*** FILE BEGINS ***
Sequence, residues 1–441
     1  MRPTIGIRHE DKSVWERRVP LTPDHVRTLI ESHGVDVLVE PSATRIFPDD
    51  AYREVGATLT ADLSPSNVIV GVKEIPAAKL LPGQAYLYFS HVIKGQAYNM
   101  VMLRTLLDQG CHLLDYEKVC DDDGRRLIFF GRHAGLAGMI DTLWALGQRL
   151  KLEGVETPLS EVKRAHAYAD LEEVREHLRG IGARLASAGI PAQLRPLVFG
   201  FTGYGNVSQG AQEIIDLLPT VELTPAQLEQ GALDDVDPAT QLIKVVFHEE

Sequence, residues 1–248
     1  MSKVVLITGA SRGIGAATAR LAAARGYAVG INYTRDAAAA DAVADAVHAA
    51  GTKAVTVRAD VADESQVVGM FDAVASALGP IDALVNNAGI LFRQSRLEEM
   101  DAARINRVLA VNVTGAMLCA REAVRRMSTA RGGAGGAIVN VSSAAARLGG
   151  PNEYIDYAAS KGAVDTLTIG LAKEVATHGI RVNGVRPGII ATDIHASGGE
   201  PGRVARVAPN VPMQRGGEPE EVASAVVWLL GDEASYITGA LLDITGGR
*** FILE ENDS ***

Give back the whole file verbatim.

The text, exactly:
Sequence, residues 1–441
     1  MRPTIGIRHE DKSVWERRVP LTPDHVRTLI ESHGVDVLVE PSATRIFPDD
    51  AYREVGATLT ADLSPSNVIV GVKEIPAAKL LPGQAYLYFS HVIKGQAYNM
   101  VMLRTLLDQG CHLLDYEKVC DDDGRRLIFF GRHAGLAGMI DTLWALGQRL
   151  KLEGVETPLS EVKRAHAYAD LEEVREHLRG IGARLASAGI PAQLRPLVFG
   201  FTGYGNVSQG AQEIIDLLPT VELTPAQLEQ GALDDVDPAT QLIKVVFHEE

Sequence, residues 1–248
     1  MSKVVLITGA SRGIGAATAR LAAARGYAVG INYTRDAAAA DAVADAVHAA
    51  GTKAVTVRAD VADESQVVGM FDAVASALGP IDALVNNAGI LFRQSRLEEM
   101  DAARINRVLA VNVTGAMLCA REAVRRMSTA RGGAGGAIVN VSSAAARLGG
   151  PNEYIDYAAS KGAVDTLTIG LAKEVATHGI RVNGVRPGII ATDIHASGGE
   201  PGRVARVAPN VPMQRGGEPE EVASAVVWLL GDEASYITGA LLDITGGR